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Innovative Ocean financing: Seychelles Blue Bonds

The Seychelles are islands off the coast of eastern Africa surrounded by the Indian Ocean.

On Friday, during the 40th session of the FAO Conference, there will be Conference side event entitled Blue Ocean, Blue Growth: People, Resources, Innovation.

That event takes place on Friday, 7 July 15:00-16:30 CET, and will review FAO’s participation in the recent UN Ocean Conference, before exploring innovative approaches to Blue Growth aimed at harnessing ocean resources to promote economic growth for coastal communities.

The side event will focus on some of the innovative approaches already taken by countries, regions, international organizations and the private sector.

One of the examples scheduled for discussion is the issuing of Blue Bonds by the Government of Seychelles, an innovative approach to promote the African islands’ Blue Economy investment strategy.

According to Dominique Benzaken, Senior Ocean Governance Advisor, Commonwealth Fund for Technical Cooperation, Seychelles.  “In 2015, Seychelles graduated as a high income country.

Fisheries are extremely important to the Seychelles economy. Here fishermen offload yellow fin tuna at the Victoria harbor.
Seychelles graduated as a high income country. As a result, the Government has been proactive in rethinking its Blue Economy investment strategy, including Blue Bonds.

As a result, the Government has been proactive in rethinking its Blue Economy investment strategy, as it will no longer be eligible to some of concessional funding sources previously available.  Seychelles has turned to innovative finance instruments, such as the debt Swap for Conservation and Climate Change Adaptation and the Seychelles Blue Bond, to attract new investors in support of its sustainable development agenda.  The Blue Bond issuance was possible thanks to the support of The Government of Seychelles international partners, namely a World Bank guarantee and a GEF guarantee".

The Government of Seychelles Blue Bond issuance is scheduled for 2017 will raise up to US$15 million, which will be used to finance the transition to the sustainable management of its small scale artisanal fishery (the Mahe Plateau Demersal Fisheries Management Plan), including measures aimed at rebuilding fish stocks, harvest control measures, restructuring of fishing capacity, post-harvest and value adding activities and scientific and sector support services.

The proceeds from the Blue Bond Issuance, like the Seychelles Debt swap for Conservation and Climate Adaptation, is to be administered through the Seychelles Conservation and Climate Adaptation Trust (SeyCCAT), a local independent trust established under Seychelles legislation, bringing financial efficiency, transparency and accountability and at the same time building synergies between fisheries management, marine conservation and climate resilience.  Part of the proceeds will also be used as loans through the Development Bank of Seychelles for prescribed activities aimed at encouraging value adding and diversification of the sector consistent with conservation and fisheries management plans milestones.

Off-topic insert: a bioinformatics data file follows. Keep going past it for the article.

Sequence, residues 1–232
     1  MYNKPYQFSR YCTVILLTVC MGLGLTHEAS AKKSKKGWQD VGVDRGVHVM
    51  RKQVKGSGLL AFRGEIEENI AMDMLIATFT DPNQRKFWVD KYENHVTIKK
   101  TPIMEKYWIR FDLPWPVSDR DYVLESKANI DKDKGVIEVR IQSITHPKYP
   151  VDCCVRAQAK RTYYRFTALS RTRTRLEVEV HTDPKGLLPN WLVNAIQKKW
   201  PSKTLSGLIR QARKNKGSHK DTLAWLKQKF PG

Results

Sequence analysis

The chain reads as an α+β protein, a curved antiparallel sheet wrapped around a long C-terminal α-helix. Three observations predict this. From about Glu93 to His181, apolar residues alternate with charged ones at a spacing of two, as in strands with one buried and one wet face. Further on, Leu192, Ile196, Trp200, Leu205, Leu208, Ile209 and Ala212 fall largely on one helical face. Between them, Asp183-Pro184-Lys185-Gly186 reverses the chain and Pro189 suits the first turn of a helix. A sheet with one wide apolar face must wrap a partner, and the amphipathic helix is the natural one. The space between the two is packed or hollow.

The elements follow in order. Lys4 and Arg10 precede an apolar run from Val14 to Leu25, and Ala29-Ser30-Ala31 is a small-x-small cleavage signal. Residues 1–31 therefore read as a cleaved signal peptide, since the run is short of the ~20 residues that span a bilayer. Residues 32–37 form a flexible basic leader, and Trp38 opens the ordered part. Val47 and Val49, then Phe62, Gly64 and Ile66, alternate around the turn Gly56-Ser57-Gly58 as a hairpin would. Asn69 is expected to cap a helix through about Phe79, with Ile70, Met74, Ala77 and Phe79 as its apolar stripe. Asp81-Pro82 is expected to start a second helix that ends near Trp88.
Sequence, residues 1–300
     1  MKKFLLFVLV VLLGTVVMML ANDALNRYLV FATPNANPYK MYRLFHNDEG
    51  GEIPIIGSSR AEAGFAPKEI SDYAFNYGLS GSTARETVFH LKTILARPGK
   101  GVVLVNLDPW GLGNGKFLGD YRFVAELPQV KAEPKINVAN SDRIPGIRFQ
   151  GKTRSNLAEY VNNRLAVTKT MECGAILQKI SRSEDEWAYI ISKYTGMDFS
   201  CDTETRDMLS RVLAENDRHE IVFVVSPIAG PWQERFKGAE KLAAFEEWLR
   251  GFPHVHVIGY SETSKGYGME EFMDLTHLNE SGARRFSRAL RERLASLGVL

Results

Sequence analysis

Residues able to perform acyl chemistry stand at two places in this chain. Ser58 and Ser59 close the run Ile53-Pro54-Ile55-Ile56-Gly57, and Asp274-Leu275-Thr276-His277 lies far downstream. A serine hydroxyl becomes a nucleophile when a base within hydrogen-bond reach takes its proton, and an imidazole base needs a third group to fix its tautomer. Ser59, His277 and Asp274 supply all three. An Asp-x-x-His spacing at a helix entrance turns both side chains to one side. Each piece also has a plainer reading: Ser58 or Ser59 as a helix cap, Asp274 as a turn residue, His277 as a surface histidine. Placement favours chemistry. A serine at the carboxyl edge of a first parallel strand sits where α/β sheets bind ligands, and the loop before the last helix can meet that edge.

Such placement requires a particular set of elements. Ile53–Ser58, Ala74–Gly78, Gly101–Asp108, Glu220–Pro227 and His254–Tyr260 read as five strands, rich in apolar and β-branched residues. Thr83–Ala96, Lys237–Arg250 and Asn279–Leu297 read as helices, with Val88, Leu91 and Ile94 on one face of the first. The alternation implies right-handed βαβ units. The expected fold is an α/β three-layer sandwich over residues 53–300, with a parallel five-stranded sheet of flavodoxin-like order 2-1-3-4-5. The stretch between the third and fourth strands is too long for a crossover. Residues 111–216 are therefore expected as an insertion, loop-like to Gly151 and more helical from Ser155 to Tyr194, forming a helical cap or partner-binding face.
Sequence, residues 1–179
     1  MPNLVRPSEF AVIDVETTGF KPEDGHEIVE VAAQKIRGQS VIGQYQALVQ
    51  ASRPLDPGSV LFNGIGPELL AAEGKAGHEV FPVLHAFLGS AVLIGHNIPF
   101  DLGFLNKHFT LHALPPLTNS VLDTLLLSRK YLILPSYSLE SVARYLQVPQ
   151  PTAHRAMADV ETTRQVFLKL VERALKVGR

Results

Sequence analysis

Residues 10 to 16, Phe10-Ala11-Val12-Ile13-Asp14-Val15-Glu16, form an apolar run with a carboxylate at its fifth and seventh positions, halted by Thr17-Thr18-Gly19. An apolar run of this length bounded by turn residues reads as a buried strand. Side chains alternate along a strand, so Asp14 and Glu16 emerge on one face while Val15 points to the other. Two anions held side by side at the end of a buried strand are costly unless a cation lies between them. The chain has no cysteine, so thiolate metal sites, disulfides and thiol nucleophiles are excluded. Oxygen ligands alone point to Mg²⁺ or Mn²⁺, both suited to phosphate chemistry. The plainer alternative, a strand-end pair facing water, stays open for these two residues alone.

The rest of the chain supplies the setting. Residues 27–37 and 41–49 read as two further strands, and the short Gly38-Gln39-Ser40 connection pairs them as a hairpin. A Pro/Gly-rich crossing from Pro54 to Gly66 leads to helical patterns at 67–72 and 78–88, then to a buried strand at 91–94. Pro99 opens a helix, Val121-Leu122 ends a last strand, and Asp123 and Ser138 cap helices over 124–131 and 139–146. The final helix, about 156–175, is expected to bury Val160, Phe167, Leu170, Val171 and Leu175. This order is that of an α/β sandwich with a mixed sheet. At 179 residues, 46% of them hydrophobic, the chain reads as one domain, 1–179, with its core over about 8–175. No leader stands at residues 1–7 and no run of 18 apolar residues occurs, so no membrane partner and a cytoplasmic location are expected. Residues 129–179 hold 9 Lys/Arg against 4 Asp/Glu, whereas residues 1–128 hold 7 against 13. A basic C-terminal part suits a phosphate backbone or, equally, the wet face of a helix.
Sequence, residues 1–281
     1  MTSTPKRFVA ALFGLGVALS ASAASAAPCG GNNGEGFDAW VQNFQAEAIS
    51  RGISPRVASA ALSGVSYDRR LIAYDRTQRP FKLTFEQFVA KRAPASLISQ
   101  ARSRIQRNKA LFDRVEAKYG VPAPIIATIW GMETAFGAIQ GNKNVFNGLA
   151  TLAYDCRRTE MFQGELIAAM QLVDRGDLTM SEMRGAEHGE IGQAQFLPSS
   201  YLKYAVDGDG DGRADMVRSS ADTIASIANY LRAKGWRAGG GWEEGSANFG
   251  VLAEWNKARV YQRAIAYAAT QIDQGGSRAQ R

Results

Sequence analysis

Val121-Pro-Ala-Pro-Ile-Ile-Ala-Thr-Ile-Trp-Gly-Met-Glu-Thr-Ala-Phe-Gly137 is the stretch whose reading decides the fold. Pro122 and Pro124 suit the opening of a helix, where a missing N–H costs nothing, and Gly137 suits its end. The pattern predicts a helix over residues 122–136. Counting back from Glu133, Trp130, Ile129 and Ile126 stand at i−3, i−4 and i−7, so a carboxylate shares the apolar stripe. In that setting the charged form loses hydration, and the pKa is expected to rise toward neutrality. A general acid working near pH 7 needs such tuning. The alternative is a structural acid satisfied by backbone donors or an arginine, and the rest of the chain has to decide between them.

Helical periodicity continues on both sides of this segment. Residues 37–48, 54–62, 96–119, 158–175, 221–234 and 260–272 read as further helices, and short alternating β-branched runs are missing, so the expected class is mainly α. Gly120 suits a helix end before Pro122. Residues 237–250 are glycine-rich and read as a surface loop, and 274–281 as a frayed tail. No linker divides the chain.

The Blue Bond proceeds will complement other sustainable fisheries initiatives in Seychelles, such as the World Bank SWIOFISH 3 project and the development of Seychelles’ EEZ marine spatial plan, and the designation of 30% of marine protected areas as part of the Debt Swap for Conservation and Climate Adaptation.

According to Ms. Benzaken, “The long term impacts of the Blue Bond project will be stock recovery, and the restructuring of the sector as a result of policy reform and management measures.

Over time, it will generate increased revenue for government, demonstrating that investing in sustainability makes business sense.  As the fisheries recover and the returns on investment flow to government and the sector, the benefits of a culture of sustainability will emerge which can be translate into a better understanding of impacts of other unsustainable practices on the marine environment, for example marine pollution, and in particular the use of plastics which are detrimental to marine ecosystems and food chains.”  Additionally, according to Ms. Benzaken, “The use of proceeds from Seychelles blue Bonds will contribute to an innovative, blended financing mechanism, by combining with the implementation of the World Bank/GEF Third South West Indian Ocean Fisheries Governance and Shared Growth Project (SWIOFish3),  which includes US$10.5 in grants and loans aimed at conservation and fisheries management planning capacity building and institutional strengthening for the development of the blue economy.”

The Seychelles Blue Bond is the first of its kind, and it aims to create a replicable and scalable model for other countries/regions interested in innovative finance.

The most obvious “clients” for this type of transaction are Small Island Development States, however it could be attractive to a number of small states and nations transitioning to a high income country.

This will be a topic of discussion at the FAO Conference side event. If you are not in Rome tomorrow to follow the event, please follow us at the following link: http://www.fao.org/webcast/en/ and follow our live tweeting @FAOfish and through the hashtags #BlueGrowth and #Fishinnovation.

Unloading tuna fish in Seychelle’s capital of Victoria.
Like many small island developing states, Seychelles’ economy relies heavily on tourism and fisheries.
The Seychelles Blue Bond is the first of its kind, and it aims to create a replicable and scalable model for other countries/regions interested in innovative finance.
Innovative ideas such as the Seychelles Blue Bond will be discussed at the FAO Conference side event on Blue Growth.

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